Dystonia versus Spasticity by Drake D. Duane, MS MD
These two are very different terms in medical language. Both imply muscle “spasm” or involuntary contraction; however, both are caused not by muscle disorders, but by brain or spinal cord disorders. Any of us might experience a muscle spasm as say in a muscle cramp or after any painful injury muscles may tighten up. These are muscle spasms, but not dystonia or spasticity.
A source of confusion is an old term for torticollis “spastic torticollis.” However, both words are not specific for dystonia that is why current medical terminology labels ST “cervical dystonia” rather than spasmodic torticollis. Spasticity is a tightening of muscles that selectively involve muscles of the upper or the lower limb. The characteristic posture that a stroke victim has in the arm or leg comes from the unequal involvement of those limb muscles. The tightness of the joints in those limbs may be aggravated with attempted use, but not as much as its characteristic in ST. As you STers know, if you try to initiate a neck movement may increase the dystonic muscle spasm, so that the movement may be impossible.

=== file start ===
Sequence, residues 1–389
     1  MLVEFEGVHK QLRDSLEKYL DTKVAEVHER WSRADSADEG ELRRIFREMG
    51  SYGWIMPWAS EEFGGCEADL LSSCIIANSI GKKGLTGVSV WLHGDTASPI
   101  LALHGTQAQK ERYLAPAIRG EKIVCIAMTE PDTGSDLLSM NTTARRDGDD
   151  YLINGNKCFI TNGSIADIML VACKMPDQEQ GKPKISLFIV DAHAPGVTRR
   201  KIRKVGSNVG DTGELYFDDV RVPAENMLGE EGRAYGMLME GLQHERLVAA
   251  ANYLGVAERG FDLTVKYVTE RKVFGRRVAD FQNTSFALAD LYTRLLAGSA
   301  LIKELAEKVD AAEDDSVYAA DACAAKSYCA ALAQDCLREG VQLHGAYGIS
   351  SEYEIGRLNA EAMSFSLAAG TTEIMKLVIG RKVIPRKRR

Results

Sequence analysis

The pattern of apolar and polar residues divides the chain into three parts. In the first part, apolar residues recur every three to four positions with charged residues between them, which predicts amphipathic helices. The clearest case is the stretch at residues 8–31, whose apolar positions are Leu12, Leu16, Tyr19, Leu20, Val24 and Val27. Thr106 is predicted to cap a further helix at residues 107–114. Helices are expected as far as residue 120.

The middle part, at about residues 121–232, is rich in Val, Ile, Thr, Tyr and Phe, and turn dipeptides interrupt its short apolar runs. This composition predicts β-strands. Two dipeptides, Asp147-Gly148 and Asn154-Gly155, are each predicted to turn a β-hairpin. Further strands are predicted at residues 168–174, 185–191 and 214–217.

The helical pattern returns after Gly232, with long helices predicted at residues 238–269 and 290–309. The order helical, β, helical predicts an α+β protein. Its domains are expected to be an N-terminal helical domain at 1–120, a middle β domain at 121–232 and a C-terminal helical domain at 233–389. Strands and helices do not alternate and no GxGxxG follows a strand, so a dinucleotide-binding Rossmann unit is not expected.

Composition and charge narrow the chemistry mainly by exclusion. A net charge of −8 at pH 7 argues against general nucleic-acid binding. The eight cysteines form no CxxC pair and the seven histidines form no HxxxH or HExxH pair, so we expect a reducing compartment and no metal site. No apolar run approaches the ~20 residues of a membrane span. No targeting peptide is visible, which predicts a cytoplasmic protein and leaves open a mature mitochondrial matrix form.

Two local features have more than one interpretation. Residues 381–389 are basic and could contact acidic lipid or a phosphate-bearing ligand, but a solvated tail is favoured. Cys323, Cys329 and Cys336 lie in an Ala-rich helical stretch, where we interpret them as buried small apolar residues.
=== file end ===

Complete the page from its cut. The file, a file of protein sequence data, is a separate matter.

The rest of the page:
Botulinum toxin can be used to treat both dystonic spasm and spasticity; however, the muscles injected in spasticity are those selectively involved in that process. That pattern is similar from person to person. In cervical dystonia, the pattern of muscle involvement is variable, which is why EMG mapping of the dystonic activity helps to determine, which muscles and with how much each muscle should be injected.
Torticollis sufferers of course can have strokes or other disorders that produce spasticity, but from dystonic disorders, the development of spasticity should not be a feature. I hope this helps clarify the confusion.
Drake D. Duane, MS MD
Director Arizona Dystonia Institute, Scottsdale, AZ